A sensitivity analysis has been undertaken for mesh sizes for each rail component. As the mesh sizes and the material densities are different between the two tied objects, a tie constraint is generated to allow for ABAQUS to automatically optimise and refine the interface mesh. Tie constraints are applied to the rail and the concrete bearers to represent the rail fasteners. Instead of frictional interaction and the effect of submersed bearers in a ballast layer, the bearers are tied onto the underlying ballast layer to greatly reduce computational effort. As all members are tied, translational and rotational degrees of freedom will be distributed throughout. All tie constraints were taken as surface to surface, as opposed to a simplified node to surface, as this allowed for uniform distribution between the tied components. The interface between bearer or sleeper and ballast has been treated with contact surface elements where the bearers can lift freely as ballast is modelled using tensionless solid elements [

A fixed boundary condition is applied to the bottom most surface of the subballast to idealise the substructure and a symmetrical constraint is applied to the ends of the rail to idealise a continuous rail within the relevant plane, in this case the

Loading configuration is in accordance with Standards Australia [

Railway traffic loads-axle loads.

300LA load case

Load steps: 300LA coupled locomotive design loading on turnout; (top) load step 2, (middle) load step 36, and (bottom) load step 48

The above load set is applied to the model at 600 mm increment initially to coincide with turnout bearer spacing, or referred to hereafter as load sets. A total of 48 load steps (including model initiation) are modelled to generate the overall movement of the locomotive negotiating the turnout. When approaching the crossings, the load step is later set at 50 mm increment. Figure

The numerical model was previously calibrated using the field measurement data [

Resultant deflection of sleeper 47 and computational time with varying ballast mesh size.

Mesh size (mm) | Deflection (mm) | Computational time (s) |
---|---|---|

60 × 60 | 2.54 | 24,784 |

70 × 70 | 2.32 | 12,638 |

80 × 80 | 2.28 | 10,824 |

90 × 90 | 2.59 | 5,655 |

100 × 100 | 2.54 | 5,547 |

Midpoint deflections of each bearer along the turnout.

Tie constraint between rail and bearer

Maximum recorded deflection at each bearer (midpoint)

Displacement envelope of the bearer right underneath the crossing (number 47).

Bearer 47 (red) experiences the greatest deflection

Deflection response of bearer 47 at each load step

In practice, frequent maintenance of supporting bearers and fastening systems can often be observed in the field even though those components have been designed in accordance with engineering standards. This study has therefore investigated such an important issue. It is found that the bearers, which undergo the greatest deflection of a coupled locomotive pass, are the bearers underneath the crossing nose (maximum at bearer number 47). The sensitivity analysis illustrates the maximum deflection in all bearers with the passing of a moving couple train load, 300LA [

Effect of mesh sizes on the deflection of the bearer underneath the crossing nose (number 47).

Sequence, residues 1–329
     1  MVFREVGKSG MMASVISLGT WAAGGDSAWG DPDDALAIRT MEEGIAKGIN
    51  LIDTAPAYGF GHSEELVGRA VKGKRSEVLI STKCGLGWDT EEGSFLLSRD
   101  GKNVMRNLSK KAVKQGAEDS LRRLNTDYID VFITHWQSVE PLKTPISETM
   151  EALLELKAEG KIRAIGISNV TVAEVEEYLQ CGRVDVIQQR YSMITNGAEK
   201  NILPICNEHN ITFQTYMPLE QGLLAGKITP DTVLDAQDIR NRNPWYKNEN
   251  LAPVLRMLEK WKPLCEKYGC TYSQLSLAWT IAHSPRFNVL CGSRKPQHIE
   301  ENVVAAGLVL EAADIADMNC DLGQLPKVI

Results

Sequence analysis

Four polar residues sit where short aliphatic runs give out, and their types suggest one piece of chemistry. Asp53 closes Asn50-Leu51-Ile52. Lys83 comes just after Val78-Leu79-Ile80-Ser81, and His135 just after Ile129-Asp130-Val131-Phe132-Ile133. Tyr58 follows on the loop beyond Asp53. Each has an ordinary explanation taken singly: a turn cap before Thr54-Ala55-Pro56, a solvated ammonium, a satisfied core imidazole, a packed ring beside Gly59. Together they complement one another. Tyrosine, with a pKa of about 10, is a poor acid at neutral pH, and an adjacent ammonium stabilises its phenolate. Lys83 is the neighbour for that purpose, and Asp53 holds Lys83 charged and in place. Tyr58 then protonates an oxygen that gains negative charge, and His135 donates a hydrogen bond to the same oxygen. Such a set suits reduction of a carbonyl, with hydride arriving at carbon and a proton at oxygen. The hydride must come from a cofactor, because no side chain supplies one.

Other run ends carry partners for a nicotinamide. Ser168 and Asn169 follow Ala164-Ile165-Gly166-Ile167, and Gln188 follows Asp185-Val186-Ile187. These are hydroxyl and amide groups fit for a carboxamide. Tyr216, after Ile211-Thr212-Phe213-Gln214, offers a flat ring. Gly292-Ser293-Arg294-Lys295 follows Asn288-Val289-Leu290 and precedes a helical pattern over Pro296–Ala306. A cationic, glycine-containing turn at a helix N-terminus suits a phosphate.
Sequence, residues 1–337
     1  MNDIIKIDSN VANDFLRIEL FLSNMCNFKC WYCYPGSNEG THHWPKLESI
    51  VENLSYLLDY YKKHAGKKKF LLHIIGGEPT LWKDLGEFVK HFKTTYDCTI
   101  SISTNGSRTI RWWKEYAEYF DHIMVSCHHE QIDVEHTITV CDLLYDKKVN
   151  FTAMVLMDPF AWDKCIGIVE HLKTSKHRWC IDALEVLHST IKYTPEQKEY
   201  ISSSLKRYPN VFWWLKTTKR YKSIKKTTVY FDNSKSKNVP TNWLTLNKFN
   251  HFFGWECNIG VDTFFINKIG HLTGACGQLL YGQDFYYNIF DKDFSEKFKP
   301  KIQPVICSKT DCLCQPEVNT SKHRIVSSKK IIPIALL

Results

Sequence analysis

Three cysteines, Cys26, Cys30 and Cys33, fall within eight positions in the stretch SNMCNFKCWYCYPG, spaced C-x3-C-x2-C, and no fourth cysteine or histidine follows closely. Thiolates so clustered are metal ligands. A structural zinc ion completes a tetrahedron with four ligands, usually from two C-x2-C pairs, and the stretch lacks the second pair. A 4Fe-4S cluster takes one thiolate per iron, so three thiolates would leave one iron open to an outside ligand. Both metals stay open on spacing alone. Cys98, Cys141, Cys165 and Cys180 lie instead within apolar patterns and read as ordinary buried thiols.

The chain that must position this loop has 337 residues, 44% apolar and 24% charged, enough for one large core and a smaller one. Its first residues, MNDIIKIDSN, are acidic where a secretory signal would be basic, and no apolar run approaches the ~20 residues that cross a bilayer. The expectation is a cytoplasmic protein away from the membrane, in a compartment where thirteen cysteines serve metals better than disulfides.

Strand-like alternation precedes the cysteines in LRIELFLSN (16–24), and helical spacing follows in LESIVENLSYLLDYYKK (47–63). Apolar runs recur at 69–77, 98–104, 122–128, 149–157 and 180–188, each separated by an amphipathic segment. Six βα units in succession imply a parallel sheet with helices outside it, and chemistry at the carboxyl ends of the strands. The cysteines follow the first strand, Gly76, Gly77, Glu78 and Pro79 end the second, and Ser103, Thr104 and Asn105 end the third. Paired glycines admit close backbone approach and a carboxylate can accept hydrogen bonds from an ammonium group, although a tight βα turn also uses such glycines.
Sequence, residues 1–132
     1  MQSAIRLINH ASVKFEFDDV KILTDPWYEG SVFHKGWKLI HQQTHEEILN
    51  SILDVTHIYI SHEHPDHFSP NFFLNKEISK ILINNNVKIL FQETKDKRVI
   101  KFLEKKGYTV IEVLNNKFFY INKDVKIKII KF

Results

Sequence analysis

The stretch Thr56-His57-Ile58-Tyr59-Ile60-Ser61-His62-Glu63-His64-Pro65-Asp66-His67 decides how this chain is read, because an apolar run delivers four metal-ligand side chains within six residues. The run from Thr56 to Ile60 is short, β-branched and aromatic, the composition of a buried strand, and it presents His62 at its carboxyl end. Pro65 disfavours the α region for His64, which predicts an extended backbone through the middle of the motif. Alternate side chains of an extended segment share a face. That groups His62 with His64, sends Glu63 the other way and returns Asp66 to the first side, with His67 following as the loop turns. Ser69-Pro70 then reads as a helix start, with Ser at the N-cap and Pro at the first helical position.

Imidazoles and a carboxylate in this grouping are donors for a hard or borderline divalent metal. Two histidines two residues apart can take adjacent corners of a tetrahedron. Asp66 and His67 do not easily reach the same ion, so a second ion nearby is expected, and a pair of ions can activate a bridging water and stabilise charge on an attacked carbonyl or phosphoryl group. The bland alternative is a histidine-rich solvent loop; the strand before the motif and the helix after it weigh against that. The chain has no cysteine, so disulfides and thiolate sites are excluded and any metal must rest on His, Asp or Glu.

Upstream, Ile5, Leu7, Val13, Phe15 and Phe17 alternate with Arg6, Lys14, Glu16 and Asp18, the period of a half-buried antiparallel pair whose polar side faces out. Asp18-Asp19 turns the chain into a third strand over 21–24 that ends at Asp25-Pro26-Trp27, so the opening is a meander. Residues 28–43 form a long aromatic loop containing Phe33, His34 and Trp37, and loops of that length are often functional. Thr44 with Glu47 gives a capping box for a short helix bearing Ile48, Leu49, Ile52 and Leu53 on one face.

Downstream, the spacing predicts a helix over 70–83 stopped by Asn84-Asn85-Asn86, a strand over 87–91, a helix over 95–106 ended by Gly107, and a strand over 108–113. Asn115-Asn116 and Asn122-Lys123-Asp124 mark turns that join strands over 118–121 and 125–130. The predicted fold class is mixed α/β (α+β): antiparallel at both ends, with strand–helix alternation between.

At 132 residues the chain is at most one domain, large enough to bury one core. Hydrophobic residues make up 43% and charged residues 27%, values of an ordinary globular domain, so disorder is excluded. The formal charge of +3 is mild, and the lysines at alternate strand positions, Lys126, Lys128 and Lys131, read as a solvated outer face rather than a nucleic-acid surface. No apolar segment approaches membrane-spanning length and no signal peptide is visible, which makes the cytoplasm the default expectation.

The shear stress response of crossing bearer (number 47) at the most critical loading is illustrated Figure

Shear force envelope of the bearers upon wheel impact.

Shear force envelope of bearer 47 upon wheel impact

Shear stress distribution of bearer 47 (under load step 36)

Bending stresses and moment envelopes of turnout bearers.

Bearer 21 (red) in relation to load step 18 (yellow)

Bending stress of bearer 21 under load step 18

Bending moment envelope of bearer 21 with computed values (blue) against specifications (black)

Bearer 47 (red) in relation to load step 36 (yellow)

Bending stress of bearer 47 under load step 36

Bending moment envelope of bearer 47 with computed values (blue) against specifications (black)

Due to the unchanging response of the modelled result and the fact that the bearers under the crossings experience critical loading, it is believed that the moment envelope overlooks the adverse loading configurations of a turnout system and, instead, idealises the moment response to that of straight rail. Figures

Bending moment envelope of FE model, bearer 47 (blue), and specifications (black).

Bending moment envelope of bearer 21. Bending moment of FE model, bearer 21 (blue), and specifications (black).

It is concerning the fact that the maximum bending moment simulated, being 322 kNm, is greater than that specified by about 800%. Also that no change in loading condition or material property has been changed is noteworthy; yet, by involving a greater number of points in which to create an accurate stress diagram, the loading may be allowed to deviate so greatly. As the increase in bending moment is concentrated within the midspan, it can be deduced that the midspan could become more susceptible to permanent deformations and cracking that was not designed to not be designed to accommodate for the adverse loading.

The resultant bending diagram depicted in Figure

This paper firstly presents a development of three-dimensional finite element model of a tangential turnout system for an investigation into the failure modes that were arisen from the field observations and measurements on a mixed traffic rail line whereas broken concrete bearers and loose fasteners were reported routinely. A 3D FE model has been established and validated for the analysis of a complete turnout system. The primary objective of this study is to determine the critical location, be able to realise the critical deflection, and validate shear force and bending moment envelopes of a turnout system. To address this, ABAQUS has been employed to carry out all modelling and postprocessing of a complete 3D turnout. From the detailed analysis, turnout bearers right underneath crossing panel experience the highest load actions, resulting in the largest deformations. It is also found that the turnout sleeper or bearer underneath the closure rails or where there is a change in rail curvature is subjected to a high level of vertical loading, sometimes exceeding its design load limits. These results are of significant importance to rail engineers and track designers, in order to establish a safer and more reliable turnout system. Future work will evaluate the effects of ballast voids and pockets on the dynamic behaviour and lateral sliding of turnout systems.

The authors declare that there is no conflict of interests regarding the publication of this paper.

The authors are grateful to University of Western Sydney and RailCorp for the support throughout this study. Also, the last author wishes to thank Australian Government for his Endeavour Executive Fellowships at Massachusetts Institute of Technology, Harvard University, and Chalmers University of Technology.